1. A phase II trial assessed the efficacy of niraparib monotherapy and niraparib with dostarlimab in patients with recurrent endometrial carcinoma.
2. Niraparib monotherapy did not meet the efficacy threshold, while the combination of niraparib and dostarlimab showed modest activity.
3. No significant association was detected between clinical benefit and potential biomarkers evaluated through immunohistochemistry, molecular profiling, or ctDNA-based genomic panel analysis.
The article titled "Clinical outcome and biomarker assessments of a multi-centre phase II trial assessing niraparib with or without dostarlimab in recurrent endometrial carcinoma" reports the results of a non-randomized, open-label, phase II trial that assessed the efficacy and safety of niraparib monotherapy or niraparib and dostarlimab combination therapy in patients with recurrent serous or endometrioid endometrial carcinoma. The study enrolled 47 patients across six Canadian centers.
The primary endpoint was clinical benefit rate (CBR), with ≥5/22 overall considered of interest. Secondary outcomes were safety, objective response rate (ORR), duration of response, progression-free survival, and overall survival. Translational research was an exploratory outcome. Potential biomarkers were evaluated in archival tissue by immunohistochemistry and next-generation sequencing panel.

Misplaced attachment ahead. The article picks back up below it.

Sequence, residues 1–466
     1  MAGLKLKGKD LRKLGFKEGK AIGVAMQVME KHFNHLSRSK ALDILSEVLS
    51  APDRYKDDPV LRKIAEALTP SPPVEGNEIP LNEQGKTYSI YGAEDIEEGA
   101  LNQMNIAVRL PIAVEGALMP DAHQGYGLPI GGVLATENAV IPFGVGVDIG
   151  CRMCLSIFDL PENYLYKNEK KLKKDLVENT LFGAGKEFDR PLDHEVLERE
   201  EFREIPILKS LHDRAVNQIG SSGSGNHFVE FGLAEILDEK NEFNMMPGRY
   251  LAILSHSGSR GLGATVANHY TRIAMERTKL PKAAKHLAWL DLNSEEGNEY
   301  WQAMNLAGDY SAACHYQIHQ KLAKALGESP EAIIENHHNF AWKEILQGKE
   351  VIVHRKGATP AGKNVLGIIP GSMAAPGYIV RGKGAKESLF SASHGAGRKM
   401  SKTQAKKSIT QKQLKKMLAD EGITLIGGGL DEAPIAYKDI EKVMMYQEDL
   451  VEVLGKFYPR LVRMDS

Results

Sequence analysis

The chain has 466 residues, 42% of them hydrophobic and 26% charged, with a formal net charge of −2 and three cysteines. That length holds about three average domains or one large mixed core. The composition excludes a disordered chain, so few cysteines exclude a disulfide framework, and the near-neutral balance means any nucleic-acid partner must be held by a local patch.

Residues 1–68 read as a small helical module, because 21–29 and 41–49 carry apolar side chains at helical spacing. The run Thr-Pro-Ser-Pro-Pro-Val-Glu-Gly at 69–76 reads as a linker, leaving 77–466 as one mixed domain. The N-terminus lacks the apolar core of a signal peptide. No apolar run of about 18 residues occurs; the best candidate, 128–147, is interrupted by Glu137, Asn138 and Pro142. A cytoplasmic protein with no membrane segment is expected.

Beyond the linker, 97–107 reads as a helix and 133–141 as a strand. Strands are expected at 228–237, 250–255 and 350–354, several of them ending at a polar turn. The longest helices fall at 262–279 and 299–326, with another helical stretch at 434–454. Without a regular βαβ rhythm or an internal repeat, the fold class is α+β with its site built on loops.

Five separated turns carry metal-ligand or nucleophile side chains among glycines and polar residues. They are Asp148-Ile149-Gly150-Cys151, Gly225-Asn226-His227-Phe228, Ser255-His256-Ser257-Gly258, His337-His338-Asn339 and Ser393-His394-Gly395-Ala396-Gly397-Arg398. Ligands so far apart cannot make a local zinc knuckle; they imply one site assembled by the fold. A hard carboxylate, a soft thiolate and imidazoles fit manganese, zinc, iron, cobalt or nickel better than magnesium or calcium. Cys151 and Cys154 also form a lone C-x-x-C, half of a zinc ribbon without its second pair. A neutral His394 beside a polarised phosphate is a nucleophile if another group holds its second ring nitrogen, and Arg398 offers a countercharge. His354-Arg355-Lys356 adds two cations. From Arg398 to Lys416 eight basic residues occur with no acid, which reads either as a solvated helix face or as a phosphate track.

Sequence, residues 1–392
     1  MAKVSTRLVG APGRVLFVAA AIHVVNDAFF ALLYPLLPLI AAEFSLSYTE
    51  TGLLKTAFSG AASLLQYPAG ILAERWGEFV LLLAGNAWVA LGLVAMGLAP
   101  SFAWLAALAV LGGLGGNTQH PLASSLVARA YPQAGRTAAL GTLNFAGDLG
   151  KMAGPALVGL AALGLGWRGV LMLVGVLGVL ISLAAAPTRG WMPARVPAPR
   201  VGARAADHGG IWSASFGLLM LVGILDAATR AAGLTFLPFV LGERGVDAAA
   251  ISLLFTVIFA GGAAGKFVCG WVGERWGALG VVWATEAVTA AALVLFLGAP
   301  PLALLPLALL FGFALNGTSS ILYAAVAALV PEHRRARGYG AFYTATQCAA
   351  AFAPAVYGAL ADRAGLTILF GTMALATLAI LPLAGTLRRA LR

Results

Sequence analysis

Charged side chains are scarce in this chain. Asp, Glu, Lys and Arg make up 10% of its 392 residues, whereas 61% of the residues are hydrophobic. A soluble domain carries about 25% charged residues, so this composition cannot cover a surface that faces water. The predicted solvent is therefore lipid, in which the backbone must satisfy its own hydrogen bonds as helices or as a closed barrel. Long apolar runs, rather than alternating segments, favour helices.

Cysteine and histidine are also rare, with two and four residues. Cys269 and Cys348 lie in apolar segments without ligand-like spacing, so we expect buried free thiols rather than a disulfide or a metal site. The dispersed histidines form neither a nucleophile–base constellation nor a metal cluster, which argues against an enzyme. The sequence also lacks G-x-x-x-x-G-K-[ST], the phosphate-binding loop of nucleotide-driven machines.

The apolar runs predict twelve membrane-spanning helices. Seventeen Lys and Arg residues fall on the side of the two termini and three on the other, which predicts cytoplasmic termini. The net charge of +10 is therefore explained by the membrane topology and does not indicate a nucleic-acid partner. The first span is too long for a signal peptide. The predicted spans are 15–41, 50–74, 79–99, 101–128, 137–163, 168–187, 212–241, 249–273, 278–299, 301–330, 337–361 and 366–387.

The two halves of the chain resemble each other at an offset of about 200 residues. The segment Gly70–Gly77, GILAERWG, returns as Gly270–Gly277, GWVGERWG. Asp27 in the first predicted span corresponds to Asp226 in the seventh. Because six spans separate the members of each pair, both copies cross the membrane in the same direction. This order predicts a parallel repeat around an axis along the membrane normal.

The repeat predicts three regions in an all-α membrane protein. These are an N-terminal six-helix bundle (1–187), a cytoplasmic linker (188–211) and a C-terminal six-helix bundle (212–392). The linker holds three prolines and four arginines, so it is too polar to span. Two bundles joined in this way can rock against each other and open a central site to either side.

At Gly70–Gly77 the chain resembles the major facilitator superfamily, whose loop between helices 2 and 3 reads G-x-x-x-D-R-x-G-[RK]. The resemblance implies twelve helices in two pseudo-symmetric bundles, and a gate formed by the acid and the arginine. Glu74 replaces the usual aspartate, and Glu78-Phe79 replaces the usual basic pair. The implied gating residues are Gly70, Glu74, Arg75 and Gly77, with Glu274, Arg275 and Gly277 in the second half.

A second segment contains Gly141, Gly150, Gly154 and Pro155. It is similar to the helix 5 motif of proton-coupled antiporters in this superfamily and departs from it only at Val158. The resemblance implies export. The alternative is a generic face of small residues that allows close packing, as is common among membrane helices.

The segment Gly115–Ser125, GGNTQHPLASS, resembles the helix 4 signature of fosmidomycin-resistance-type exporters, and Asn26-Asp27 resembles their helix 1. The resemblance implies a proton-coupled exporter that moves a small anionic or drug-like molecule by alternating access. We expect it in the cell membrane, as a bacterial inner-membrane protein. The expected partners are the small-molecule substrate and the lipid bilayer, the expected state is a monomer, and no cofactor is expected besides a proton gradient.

The study found that niraparib monotherapy did not meet the efficacy threshold, with a CBR of 20% and an ORR of 4%. Niraparib in combination with dostarlimab showed modest activity, with a CBR of 31.8% and an ORR of 14%. No new safety signals were detected.
The article provides detailed information on the patient demographics, prior treatments, adverse events, and treatment outcomes for both cohorts. However, there are some potential biases and limitations to consider.
Firstly, the study is non-randomized and open-label, which may introduce bias into the results. Additionally, the sample size is relatively small, which limits the generalizability of the findings.
Secondly, while potential biomarkers were evaluated in archival tissue by immunohistochemistry and next-generation sequencing panel, no significant association was detected between clinical benefit and IHC markers (PTEN, p53, MMR, PD-L1), or molecular profiling (PTEN, TP53, homologous recombination repair genes). This suggests that the study may not have identified the most relevant biomarkers for predicting treatment response.
Thirdly, the article does not explore potential counterarguments or limitations to the use of PARP inhibitors and ICI in combination therapy for recurrent EC. For example, while preclinical studies have shown synergy between combining a PARP inhibitor and ICI, there may be concerns about toxicity and long-term side effects associated with this approach.
Overall, the article provides valuable insights into the efficacy and safety of niraparib monotherapy or niraparib and dostarlimab combination therapy in patients with recurrent serous or endometrioid endometrial carcinoma. However, further research is needed to identify more reliable biomarkers for predicting treatment response and to explore potential limitations and risks associated with combination therapy.